His scope of work is not wholly theoretical however, with him including his own personal experiences and observations on the decline of nature around him. From the decrease in fish within local estuaries, birds within farmlands and forests within the highlands he notes down the historical and cultural heritage slowly being lost. He explains how nature interacts with humans, allowing them to release their wild side, find solace in an undisturbed place and to relive genetic memories.

All is not lost however and in small doses of hope he tells us of the current programmes and NGO’s aimed at rehabilitating and revitalising natural ecosystems. He speaks of the progressive works being done by eastern European countries in bringing back the bear, wolves and lynx species as well as the works of Zimov in Siberia and its potential climate change implications. He shows us the benefits of bringing back what was lost long ago. Through careful research and real world examples Monbiot paints the perfect picture of current happenings and offers up constructive solutions to what otherwise seems an impassable obstacle.

Mobiot offers up a very relevant novel focusing on topics and personal experiences that we as the readers can connect with on a personal level, irrespective of our careers or lifestyles. He highlights topics that are not only relevant in today’s society but also often dimmed by major media outlets and their respective governments. His writing style is eloquent and easy to follow, for both academics and the general public, allowing us to breeze through chapters whilst engaging with them at the same time. He writes with a fervour and passion that not only captivates the reader but prompts them to think about the subject in a much wider perspective, often applying it to their own environments, increasing public awareness and participation. Though he focuses mainly on issues facing the United Kingdom Monbiot’s scope of work is wide, covering various topics from the reintroduction of the grey whale in the Irish Sea to radical economic agricultural reform (i.e the subsidy system).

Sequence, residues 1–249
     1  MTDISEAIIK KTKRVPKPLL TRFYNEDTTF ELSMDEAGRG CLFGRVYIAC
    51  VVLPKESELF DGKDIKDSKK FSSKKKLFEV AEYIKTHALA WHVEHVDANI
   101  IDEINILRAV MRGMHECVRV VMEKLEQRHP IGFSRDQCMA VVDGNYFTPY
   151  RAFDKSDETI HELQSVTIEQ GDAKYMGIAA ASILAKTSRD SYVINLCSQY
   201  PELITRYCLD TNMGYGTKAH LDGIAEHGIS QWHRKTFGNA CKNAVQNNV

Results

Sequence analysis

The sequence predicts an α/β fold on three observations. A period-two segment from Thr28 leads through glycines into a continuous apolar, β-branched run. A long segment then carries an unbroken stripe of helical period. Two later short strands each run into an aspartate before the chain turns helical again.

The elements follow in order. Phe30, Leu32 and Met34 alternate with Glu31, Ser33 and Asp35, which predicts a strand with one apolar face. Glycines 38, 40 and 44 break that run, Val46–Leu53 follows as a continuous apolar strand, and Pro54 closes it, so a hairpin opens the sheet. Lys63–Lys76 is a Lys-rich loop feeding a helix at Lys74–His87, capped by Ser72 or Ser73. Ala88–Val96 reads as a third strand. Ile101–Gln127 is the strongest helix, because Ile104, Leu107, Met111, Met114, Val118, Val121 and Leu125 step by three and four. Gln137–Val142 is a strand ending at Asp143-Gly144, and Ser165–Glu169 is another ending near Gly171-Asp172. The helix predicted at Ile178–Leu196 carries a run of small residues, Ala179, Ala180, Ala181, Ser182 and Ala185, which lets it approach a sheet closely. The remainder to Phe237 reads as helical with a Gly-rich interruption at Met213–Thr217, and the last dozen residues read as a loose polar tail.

With the novel lacking geographical diversity and focusing mainly on the problems facing Europe it appears that ignorance is indeed bliss. With the radical transformation of the uplands being front and centre Mobiot seemingly forgets to include the social and cultural implications that would face local people who through centuries of working the fields and tending the crops have come to develop a history not written in textbooks or stored in libraries but rather “passed on through word of mouth and anchored to the land”. On the establishment of wilderness areas where would these people go and how can you justify their eviction? On these points we are left in the dark. Other topics however, never seem to die down with us being constantly reminded of their importance and influence in Monbiot’s life. So much so that it becomes akin to being repeatedly lectured by a school teacher for your incompetence and general lack of knowledge. A more objective approach on the subject at hand would have offered up a greater perspective of the issue, including all arguments for and against with a more resounding conclusion. In this regard, ironically Monbiot was tame.My main issue with this book however was the fact that Monbiot indirectly put across the notion that nature is there only for man’s pleasure and acts as a buffer for his anger and frustration. He seems to believe that we as humans need to revert back to our wild state in order to truly feel at peace, however once we’ve attained that peace it is perfectly acceptable to go back to our day to day lives. In this way nature is seen as a materialistic object that serves us rather than an interlinking and complex system of which we are a part of.

Despite this I still highly recommend this novel. Through personal experiences and academically sound knowledge Monbiot has constructed a highly relevant and compelling narrative that appeals to readers of all backgrounds. It is an accurate and informative novel that with the help of compelling storytelling indirectly invites the reader to further explore the world around them and contest environmental injustices that go on unpunished and often rewarded within our government systems. With the help of dramatic and passionate wordplay and character connections Monbiot draws the reader to a magical and enchanting world that may have gone unnoticed in our monotonous day to day lives.

Some may say that Mobiot is an idealist in every way with his ideas and solutions being incompatible in today’s ever growing society. I believe this to be false. With increased education, public participation, open-panel discussions and a little bit of hope Monbiot’s dream can be accomplished. With us finally living in amicable coexistence with those deemed feral and wild.